Double-entry accounting is really very simple provided you follow these rules.
For a Transaction to be true to the double-entry principle, two further rules must be obeyed:
Furthermore, each entry must consist of a minimum of four pieces of information as follows:
1. Date (the date on which the transaction occurred)
2. Reference (so it can be identified with a source document)
3. Amount (known as a Debit or a Credit in any currency)
4. Account (whose balance will be increased or decreased by the amount depending on whether it is a Debit or a Credit)
Every transaction tracks an amount of money from one account to one or more other accounts.
As long as the Debit amounts equal the Credit amounts, then we know that all the money has been accounted for.
The idea that we are doubling the amount of data by making two entries is a myth.
The two (or more) entries merely record the flow of money from one account to another. That is its sole purpose.
It is called Double-entry because two entries are the minimum required to record the two accounts involved in every transaction.
For example, buying a computer for your business involves your Bank and your Equipment accounts.
Once the transaction has been entered, a look at your books will show how much you have left in your bank and how much you have spent on equipment.
If you don’t know these things, it is unlikely your business will stay profitable as you will have no idea what is going on.
This is why double-entry accounting is used universally around the world and has been in existence for many thousands of years.
NOTE: If you want to learn more about double-entry, take an online exam and get a certificate to prove you know what you’re talking about, consider joining the Accounting for Everyone Certified Online Bookkeeping Course. It is the longest running online course and has had well over 12,000 successful students.
All the above and more is explained step by step with tasks and answers in the Accounting for Everyone online certified bookkeeping course. Click below to find out more.Join The Accounting for Everyone Online Course
Here’s a great resource from Loris Tissino. He has developed a site to step you through double-entry including transactions and posting. I think you will find this another very useful tool.
Loris has written a piece for Accounting for Everyone describing it. Here we go:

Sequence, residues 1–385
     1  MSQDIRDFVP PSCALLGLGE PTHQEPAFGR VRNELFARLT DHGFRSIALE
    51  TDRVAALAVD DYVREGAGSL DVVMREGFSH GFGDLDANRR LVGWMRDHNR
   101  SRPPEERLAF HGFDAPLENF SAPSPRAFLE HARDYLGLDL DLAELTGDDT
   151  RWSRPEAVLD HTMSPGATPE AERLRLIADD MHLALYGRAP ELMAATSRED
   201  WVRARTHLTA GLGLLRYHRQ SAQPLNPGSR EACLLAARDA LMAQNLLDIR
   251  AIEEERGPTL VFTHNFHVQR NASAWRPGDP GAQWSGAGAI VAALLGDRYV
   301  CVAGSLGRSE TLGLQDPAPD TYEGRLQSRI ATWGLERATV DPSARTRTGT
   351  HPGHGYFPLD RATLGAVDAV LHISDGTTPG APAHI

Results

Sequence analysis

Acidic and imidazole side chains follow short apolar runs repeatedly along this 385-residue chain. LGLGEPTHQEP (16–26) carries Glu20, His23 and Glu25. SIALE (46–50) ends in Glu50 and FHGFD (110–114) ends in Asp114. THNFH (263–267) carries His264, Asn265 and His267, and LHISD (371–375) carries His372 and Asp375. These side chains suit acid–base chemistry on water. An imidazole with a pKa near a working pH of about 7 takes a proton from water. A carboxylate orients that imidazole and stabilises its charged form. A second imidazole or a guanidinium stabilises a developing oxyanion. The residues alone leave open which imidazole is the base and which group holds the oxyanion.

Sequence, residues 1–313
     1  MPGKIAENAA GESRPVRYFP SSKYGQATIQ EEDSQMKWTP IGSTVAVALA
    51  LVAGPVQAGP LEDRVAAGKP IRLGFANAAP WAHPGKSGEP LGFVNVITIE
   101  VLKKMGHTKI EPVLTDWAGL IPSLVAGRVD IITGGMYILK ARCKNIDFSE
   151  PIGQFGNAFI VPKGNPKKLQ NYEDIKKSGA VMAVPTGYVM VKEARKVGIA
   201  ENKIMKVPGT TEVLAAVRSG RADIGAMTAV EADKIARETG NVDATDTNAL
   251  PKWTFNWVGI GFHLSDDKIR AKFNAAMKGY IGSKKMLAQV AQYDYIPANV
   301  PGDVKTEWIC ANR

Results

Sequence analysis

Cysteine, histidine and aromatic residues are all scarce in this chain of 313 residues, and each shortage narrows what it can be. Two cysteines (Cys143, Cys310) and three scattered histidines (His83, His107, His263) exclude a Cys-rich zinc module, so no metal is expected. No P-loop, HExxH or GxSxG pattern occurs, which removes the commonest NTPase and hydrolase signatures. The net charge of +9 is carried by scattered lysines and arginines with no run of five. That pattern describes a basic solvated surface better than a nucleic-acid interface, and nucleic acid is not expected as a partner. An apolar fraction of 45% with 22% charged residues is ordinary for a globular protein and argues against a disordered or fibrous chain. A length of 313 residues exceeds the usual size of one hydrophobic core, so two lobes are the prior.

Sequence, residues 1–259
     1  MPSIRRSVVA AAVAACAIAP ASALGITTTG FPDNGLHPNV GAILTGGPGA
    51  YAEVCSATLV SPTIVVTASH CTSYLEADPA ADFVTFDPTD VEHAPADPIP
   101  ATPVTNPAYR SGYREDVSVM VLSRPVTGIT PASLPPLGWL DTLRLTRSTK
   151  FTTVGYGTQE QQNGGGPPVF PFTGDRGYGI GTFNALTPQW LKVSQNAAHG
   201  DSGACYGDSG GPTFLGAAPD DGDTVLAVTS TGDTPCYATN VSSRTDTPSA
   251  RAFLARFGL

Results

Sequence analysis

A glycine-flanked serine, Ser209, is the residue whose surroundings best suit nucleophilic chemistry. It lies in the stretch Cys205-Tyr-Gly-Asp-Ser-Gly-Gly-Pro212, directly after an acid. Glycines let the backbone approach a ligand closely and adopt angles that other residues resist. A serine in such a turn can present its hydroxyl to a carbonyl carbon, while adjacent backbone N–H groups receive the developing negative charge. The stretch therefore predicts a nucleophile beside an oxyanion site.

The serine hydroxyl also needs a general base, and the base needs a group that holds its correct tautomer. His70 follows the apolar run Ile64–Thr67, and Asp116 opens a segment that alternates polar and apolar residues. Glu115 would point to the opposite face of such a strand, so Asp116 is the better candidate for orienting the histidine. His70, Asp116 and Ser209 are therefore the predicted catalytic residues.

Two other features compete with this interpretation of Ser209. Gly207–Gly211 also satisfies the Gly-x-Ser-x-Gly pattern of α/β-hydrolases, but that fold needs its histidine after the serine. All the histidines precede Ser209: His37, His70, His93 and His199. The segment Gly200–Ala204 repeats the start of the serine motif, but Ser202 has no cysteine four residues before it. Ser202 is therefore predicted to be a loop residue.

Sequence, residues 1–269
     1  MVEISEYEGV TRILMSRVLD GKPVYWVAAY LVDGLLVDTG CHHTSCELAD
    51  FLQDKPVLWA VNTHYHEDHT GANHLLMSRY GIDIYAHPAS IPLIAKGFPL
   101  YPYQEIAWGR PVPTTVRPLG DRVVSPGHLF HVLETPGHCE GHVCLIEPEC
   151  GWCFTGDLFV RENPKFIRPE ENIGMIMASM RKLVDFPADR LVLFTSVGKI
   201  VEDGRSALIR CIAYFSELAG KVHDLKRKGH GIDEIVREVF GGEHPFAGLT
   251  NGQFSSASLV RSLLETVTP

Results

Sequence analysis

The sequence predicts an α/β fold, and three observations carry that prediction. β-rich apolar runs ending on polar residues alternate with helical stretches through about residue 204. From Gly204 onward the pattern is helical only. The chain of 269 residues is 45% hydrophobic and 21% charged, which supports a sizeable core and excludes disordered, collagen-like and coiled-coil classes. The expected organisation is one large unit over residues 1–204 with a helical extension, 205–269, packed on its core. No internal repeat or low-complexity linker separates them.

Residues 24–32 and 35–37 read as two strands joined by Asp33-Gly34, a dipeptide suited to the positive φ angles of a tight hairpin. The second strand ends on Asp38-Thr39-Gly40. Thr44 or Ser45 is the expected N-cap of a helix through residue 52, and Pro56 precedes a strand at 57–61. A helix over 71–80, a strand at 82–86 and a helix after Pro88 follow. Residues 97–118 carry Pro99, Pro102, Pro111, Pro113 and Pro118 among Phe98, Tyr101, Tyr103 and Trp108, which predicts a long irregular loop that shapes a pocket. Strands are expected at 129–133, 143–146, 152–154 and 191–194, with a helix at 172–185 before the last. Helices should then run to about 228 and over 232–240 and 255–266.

If you are a student and want to practice bookkeeping and accounting, what can you do? If you look for explanations on the web, you’ll find lots of tutorials that teach you the basic concepts, like what an account is, how double entry works, how to prepare a trial balance or a financial statement, and so on. That’s fine, but what do you have to do to practice?
Probably you need to actually write down your journal entries, preparing a paper with some T-accounts, and manually copy the amounts from the journal to the T-accounts. To prepare the statements, you have to make dozens of (boring) sums, putting it all together in a nice paper.
If you are a bit more evoluted, you can open up a spreadsheet, and do your journal entries there. Some sorting, some filtering, some subtotals computing, and you are almost done. Better than using pen and paper, but a bit complicated, though (and things tend to get messy if you don’t pay attention to some details).
Of course, you could use some software to accomplish your task. You can find programs that are actually used by companies to do the job. The problem with this approach is that these kind of programs are not much flexible (they don’t have to). You cannot easily adapt the chart of accounts to your needs, you have to fill tons of information that are very important for the business’ life but irrelevant for what concerns your exercise, and sometimes you cannot even edit what you have previously done.
If you are a student and faced this kind of problems, you’ll be glad to know about a new web site aimed to allow you practice bookkeeping keeping everything easy. It’s LearnDoubleEntry.org. The usage is completely free, and the source code is available as free software. The good news is that you don’t have to install anything on your computer, since it is web-based. Just login, create a firm, and start bookkeeping. As you proceed, you can check the Ledger, the Trial Balance and the Financial Statement. If you make errors, you can easily correct them. You can have your transactions analysed, and you are warned if some of the results don’t look normal (like having cash with a negative balance). You can use a standard chart of accounts or prepare a new one. You can share your firm with another student, so that you can work together. And you can send a link to your teacher, if you want him/her to check it.
For those with a passion for languages and internationalization, there is also the possibility to prepare a multilanguage chart of accounts. The application is under development, but already usable enough. Of course, it is open to improvements (you can help by sending comments and reporting bugs).